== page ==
According to a research, conducted on more than 1 million people from eight countries suggested that moderate consumption of black, green, or oolong tea is associated with a reduced risk of getting type 2 diabetes. In the Annual Meeting 2022, data from around 20 studies was analysed and it was found that there is a link between drinking tea and a lower risk of type 2 diabetes. But it all depends on how much tea you drink. The findings were presented at the European Association for the Study of Diabetes (EASD) Annual Meeting in Stockholm, Sweden from 19-23 September.
Since several years, a lot of research have been done talking about the potential health benefits of tea, from enhancing heart health to lowering the risk of cancer. The recent research aims on clearing one specific uncertain topic, i.e about the link between drinking tea and the risk of type 2 diabetes. It claims that having at least four cups of tea per day is linked to a 17 percent reduced risk of Type 2 Diabetes during an average time of 10 years.
Lead author Xiaying Li from Wuhan University of Science and Technology in China, "Our results are exciting because they suggest that people can do something as simple as drinking four cups of tea a day to potentially lessen their risk of developing type 2 diabetes." Li further explained, "It is possible that particular components in tea, such as polyphenols, may reduce blood glucose levels, but a sufficient amount of these bioactive compounds may be needed to be effective. It may also explain why we did not find an association between tea drinking and type 2 diabetes in our cohort study, because we did not look at higher tea consumption."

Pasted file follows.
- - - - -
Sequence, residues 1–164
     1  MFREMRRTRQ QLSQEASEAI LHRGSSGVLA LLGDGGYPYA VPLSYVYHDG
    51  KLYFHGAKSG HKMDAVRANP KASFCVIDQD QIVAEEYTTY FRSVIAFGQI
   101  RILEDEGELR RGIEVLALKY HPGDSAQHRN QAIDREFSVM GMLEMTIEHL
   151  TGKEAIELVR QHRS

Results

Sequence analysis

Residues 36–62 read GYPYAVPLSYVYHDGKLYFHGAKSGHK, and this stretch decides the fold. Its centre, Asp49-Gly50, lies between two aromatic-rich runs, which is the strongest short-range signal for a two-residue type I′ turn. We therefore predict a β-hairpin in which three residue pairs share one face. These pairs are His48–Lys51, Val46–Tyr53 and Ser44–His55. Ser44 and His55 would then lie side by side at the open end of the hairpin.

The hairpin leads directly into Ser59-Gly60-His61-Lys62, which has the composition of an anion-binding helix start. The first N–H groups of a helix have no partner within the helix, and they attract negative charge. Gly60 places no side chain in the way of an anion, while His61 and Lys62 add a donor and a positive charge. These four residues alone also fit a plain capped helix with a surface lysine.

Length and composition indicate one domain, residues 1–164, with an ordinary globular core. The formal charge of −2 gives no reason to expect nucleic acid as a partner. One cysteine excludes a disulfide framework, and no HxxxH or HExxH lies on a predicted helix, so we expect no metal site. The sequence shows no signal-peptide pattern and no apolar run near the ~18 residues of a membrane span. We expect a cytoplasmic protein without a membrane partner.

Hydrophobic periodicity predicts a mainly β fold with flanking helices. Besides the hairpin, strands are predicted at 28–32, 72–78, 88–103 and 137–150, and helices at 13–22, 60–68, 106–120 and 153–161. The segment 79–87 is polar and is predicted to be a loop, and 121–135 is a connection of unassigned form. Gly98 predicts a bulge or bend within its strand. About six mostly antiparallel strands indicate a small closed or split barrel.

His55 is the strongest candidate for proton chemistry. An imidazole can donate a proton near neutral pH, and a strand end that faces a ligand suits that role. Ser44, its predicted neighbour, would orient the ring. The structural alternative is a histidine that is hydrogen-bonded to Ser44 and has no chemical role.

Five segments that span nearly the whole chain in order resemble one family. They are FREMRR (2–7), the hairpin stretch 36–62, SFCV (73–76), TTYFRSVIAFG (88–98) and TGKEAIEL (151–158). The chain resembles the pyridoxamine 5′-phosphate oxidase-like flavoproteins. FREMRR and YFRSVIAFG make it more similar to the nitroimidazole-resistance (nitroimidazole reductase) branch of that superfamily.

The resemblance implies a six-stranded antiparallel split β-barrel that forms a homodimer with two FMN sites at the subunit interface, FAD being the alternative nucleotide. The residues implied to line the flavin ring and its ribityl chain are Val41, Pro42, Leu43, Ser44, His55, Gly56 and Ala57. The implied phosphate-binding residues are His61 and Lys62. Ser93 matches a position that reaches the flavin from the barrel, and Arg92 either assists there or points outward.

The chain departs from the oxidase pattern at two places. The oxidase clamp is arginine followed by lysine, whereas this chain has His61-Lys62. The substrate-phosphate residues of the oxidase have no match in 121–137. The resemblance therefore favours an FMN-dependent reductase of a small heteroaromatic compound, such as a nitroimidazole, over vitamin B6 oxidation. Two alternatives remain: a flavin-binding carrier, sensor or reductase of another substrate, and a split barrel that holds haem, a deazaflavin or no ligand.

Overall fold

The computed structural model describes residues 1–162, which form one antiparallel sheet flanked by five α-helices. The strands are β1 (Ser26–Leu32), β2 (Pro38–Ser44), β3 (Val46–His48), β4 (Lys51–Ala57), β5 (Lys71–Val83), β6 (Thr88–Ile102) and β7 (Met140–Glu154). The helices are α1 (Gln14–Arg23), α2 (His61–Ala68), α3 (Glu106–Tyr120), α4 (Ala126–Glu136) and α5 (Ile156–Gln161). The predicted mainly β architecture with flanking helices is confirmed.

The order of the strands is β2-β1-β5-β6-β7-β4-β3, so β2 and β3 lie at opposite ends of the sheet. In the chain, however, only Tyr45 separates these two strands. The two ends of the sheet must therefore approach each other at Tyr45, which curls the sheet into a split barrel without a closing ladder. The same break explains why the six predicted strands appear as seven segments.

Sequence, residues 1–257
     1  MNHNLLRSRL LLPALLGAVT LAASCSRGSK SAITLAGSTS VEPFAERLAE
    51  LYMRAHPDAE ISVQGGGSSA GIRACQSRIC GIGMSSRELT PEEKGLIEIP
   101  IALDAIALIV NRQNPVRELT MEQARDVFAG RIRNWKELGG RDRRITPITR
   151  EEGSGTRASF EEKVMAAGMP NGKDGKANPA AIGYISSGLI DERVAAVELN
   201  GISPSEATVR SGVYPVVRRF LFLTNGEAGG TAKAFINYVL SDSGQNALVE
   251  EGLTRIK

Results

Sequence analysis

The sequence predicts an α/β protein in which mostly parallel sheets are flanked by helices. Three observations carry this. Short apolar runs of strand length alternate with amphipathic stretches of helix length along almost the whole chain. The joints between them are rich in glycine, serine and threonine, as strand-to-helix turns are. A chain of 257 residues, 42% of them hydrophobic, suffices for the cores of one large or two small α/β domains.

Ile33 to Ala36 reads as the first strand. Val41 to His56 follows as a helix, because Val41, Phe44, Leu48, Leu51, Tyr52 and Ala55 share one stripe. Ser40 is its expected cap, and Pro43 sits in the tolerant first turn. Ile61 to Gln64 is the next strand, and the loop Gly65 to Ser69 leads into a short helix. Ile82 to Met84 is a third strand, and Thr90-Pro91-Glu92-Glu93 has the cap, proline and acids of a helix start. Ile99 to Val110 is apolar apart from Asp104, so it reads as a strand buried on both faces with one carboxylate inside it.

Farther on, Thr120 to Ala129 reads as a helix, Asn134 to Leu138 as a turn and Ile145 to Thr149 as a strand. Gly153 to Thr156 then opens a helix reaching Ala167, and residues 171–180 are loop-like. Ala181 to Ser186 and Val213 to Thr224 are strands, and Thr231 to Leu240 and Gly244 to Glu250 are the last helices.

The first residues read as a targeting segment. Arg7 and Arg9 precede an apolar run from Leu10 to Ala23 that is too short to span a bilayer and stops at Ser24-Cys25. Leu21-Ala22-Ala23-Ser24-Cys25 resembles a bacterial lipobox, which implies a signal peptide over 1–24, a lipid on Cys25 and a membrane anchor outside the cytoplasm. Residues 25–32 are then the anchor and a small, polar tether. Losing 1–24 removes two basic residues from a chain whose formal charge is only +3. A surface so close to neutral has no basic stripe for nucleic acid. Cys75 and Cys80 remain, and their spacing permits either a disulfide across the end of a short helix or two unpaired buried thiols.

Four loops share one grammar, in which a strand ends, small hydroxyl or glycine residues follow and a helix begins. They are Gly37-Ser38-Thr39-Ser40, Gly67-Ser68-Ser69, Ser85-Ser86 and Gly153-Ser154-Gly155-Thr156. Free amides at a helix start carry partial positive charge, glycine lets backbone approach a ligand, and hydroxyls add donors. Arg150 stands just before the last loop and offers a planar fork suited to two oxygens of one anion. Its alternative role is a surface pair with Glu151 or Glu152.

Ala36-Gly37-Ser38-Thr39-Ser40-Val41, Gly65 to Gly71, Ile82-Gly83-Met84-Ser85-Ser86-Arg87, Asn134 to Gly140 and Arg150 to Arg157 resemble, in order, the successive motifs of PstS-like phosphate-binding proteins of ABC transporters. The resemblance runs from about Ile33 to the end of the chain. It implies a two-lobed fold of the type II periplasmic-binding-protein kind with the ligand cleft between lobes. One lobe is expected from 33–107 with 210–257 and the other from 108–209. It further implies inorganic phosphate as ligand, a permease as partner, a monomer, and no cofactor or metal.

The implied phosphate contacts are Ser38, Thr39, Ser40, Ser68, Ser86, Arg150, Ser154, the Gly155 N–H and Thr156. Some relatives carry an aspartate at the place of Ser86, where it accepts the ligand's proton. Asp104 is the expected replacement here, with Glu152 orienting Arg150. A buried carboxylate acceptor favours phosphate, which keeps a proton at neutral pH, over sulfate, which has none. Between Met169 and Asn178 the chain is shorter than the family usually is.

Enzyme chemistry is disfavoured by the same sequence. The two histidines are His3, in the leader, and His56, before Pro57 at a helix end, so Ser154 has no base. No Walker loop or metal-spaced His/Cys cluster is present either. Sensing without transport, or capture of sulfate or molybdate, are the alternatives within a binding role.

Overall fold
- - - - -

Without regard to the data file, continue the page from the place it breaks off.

All in all, the meta-analysis concluded a linear link between drinking tea and Type 2 Diabetes risk, with every cup of tea consumed per day reducing the risk of developing the condition by about 1%. When compared with people who did not consume tea, those who drank 1-3 cups everyday reduced their risk of Type 2 Diabetes by 4%, while those who drank 4 cups in a day lowered their risk by 17%. Li concluded, "While more research needs to be done to determine the exact dosage and mechanisms behind these observations, our findings suggest that drinking tea is beneficial in reducing the risk of type 2 diabetes, but only at high doses (at least 4 cups a day)."